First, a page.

5 Famous 'facts' about the Fourth of July that probably aren't actually true at all
Happy Fourth of July everyone! Today marks 242 years since the 13 original US colonies flipped the bird at King George III of England and said something along the lines of, "See ya, suckers" as they claimed independence and began their journey towards becoming the most powerful nation on Earth.
These days, Americans celebrate the occasion with fireworks, family, and copious amounts of food, and remember what their ancestors sacrificed in order for them to get to this point in time. However, a lot of what we claim to be true about this momentous date is actually apocryphal and has been changed a fair bit over the last couple of centuries.
So, if you want to know what you're really celebrating today - here are five "facts" about Independence Day that might actually be totally false...
1. The Revolutionary War was just America vs Britain
While the American narrative may focus on the USA's power struggle leading up to Independence Day, the Revolutionary War was far more than just one country challenging another for political control. Overall, the war was more to do with France and Britain - and France's loss to Britain in the Seven Years War spurred them on to fight for the colonist in the fight for American independence. There were a ton of other factors at play, of course, but the bottom line is that the war involved more than just the yanks and the Brits.
2. The Liberty Bell broke on Independence Day
Sorry, folks, but this is utter poppycock. The romantic idea that colonists celebrated their victory so vigorously that they ended up cracking the Liberty Bell in Philadelphia cannot possibly be true, as the official announcement about the Declaration didn't go out until July 8th. What's more, accounts from the time show that the steeple that held the bell was in disrepair before Independence Day - so it may have already been broken.
3. John Hancock's obnoxiously large signature was intended to spite King George III
The story goes that John Hancock signed his name so large on the Declaration of Independence because he wanted the English king to be able to read it without his glasses. Unfortunately, it's probably not true, as the document was never even sent to King George; and Hancock's signature is almost certainly the biggest just because he signed it first.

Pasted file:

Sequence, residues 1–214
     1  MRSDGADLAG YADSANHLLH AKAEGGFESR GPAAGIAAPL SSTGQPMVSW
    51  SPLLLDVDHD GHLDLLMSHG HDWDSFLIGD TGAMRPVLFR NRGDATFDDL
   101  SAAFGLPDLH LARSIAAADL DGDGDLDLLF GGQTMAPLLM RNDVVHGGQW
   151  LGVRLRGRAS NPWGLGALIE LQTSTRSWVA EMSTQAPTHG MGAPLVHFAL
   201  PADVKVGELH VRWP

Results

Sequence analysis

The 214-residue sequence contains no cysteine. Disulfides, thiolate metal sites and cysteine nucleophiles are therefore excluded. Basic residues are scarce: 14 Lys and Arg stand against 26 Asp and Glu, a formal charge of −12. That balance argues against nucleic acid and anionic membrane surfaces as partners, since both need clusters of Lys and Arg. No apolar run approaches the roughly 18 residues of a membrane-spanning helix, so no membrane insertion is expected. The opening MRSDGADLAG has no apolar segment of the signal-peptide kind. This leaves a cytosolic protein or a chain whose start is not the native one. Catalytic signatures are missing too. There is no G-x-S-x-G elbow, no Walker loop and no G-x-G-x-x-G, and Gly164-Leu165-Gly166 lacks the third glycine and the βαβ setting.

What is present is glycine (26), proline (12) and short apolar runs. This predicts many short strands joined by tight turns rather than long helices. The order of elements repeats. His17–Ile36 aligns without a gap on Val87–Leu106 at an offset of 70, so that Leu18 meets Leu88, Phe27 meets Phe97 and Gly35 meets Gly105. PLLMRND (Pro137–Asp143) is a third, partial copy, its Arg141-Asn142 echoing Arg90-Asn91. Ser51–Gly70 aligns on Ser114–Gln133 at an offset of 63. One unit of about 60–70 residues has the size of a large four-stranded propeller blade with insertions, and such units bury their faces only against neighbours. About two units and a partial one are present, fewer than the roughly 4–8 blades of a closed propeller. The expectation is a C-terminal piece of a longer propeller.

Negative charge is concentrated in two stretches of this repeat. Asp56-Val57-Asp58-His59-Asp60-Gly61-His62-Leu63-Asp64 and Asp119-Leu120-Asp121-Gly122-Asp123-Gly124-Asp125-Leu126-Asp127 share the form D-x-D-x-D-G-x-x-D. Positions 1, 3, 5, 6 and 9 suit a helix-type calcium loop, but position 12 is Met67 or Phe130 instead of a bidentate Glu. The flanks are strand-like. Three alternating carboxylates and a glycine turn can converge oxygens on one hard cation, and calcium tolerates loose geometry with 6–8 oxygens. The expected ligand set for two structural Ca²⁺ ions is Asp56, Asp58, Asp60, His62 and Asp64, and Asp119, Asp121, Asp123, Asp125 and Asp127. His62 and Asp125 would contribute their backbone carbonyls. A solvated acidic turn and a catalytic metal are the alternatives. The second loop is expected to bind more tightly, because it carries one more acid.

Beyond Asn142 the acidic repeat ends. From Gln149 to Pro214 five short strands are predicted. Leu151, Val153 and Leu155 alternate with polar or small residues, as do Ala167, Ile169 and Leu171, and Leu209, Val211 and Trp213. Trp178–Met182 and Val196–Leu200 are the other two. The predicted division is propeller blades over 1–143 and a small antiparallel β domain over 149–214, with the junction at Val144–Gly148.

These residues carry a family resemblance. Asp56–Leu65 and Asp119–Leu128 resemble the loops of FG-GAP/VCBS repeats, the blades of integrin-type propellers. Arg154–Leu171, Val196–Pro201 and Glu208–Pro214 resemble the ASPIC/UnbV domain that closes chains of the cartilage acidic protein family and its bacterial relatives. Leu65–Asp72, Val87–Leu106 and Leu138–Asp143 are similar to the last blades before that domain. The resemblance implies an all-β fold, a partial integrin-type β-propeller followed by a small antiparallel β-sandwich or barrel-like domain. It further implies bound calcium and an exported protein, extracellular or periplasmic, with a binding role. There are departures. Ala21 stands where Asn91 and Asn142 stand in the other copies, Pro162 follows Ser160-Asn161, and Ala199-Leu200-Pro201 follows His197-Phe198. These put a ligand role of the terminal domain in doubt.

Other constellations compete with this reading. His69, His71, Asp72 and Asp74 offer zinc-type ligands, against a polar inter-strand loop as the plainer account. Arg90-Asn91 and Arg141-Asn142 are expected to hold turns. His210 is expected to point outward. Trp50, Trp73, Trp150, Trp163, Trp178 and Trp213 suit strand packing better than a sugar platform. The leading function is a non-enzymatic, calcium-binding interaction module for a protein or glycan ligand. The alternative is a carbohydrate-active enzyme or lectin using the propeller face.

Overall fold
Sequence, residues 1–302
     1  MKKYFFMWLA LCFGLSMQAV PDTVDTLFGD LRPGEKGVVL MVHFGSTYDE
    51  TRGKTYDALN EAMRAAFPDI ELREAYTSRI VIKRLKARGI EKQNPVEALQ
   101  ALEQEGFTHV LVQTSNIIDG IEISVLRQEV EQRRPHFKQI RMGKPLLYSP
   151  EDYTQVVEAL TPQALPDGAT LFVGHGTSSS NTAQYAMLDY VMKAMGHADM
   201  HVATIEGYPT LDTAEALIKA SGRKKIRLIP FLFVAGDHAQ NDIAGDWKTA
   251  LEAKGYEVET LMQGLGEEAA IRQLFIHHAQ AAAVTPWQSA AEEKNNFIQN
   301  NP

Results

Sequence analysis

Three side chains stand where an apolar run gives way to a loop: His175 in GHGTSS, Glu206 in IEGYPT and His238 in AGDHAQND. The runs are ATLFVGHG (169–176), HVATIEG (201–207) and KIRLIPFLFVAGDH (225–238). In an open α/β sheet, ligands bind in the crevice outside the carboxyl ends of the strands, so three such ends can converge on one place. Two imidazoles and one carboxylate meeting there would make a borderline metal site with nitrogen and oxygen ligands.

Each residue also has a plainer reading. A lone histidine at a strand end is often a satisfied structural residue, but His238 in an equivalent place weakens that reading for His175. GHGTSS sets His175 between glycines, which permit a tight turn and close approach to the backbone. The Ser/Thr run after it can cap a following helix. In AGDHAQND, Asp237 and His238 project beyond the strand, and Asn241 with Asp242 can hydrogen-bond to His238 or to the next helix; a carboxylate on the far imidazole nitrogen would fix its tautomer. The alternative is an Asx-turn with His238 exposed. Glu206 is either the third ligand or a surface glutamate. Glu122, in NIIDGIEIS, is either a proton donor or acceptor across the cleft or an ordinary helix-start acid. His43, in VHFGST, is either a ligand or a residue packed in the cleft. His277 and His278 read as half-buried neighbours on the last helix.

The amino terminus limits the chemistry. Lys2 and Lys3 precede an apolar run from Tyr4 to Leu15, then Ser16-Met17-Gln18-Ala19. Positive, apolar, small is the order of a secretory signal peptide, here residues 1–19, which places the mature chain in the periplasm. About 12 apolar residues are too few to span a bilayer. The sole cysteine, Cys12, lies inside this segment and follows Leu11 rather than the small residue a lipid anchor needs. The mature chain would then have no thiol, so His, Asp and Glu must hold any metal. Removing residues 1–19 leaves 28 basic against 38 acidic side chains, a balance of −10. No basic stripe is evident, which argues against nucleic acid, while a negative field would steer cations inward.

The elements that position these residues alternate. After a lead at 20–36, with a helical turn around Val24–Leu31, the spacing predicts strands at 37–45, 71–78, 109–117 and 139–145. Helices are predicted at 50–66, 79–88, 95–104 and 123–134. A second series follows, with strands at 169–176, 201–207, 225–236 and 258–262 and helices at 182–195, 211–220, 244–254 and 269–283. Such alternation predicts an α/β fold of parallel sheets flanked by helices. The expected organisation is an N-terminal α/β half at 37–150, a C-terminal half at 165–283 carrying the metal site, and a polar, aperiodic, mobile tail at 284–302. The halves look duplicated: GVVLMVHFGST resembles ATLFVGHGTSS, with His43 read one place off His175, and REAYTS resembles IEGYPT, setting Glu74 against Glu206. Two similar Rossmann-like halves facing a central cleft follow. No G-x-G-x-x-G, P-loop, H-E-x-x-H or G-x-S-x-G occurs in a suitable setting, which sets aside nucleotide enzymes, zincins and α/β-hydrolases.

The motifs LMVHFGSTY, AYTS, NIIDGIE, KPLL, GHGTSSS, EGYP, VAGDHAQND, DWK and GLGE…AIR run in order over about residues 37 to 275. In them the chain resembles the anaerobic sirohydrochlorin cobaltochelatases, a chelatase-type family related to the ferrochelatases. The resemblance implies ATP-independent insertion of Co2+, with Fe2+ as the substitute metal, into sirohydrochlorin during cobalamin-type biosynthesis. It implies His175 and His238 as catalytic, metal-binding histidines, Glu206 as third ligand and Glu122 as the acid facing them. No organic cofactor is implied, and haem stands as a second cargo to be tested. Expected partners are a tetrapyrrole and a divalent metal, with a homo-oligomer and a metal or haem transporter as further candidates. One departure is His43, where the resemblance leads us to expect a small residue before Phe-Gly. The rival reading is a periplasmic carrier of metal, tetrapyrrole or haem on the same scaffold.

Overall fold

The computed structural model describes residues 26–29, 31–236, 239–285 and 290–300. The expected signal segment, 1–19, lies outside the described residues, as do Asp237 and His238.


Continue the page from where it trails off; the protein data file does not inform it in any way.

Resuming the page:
4. John Adams mentioned Thomas Jefferson in his last words on Independence Day
Both Adams and Jefferson passed away on July 4, 1826 - which was very patriotic of them. There has long been a rumour that, on his deathbed, Adams whispered, "Thomas Jefferson survives" before expiring. Unbeknownst to him, however, Jefferson had passed away a few hours earlier. Again, though, there is no evidence that Adams ever said this. It's possible, considering the two were former friends, but nobody will know for sure.
5. The Declaration of Independence was signed on July 4th
I hate to break it to you guys, but Independence Day might technically be celebrated on the wrong date. The Continental Congress actually declared the 13 colonies independent from the Crown on July 2nd, but the resolution was revised and finalised on July 4th. More than that, though, it's believed the actual document was not signed until a month or so later, and that some signatures were added months or even years after July 4th 1776.
These days, however, not much of that means anything anymore. Sure, the whole thing about the Liberty Bell might be a myth, and the celebration is probably held on the wrong date - but you know what? America still has their freedom.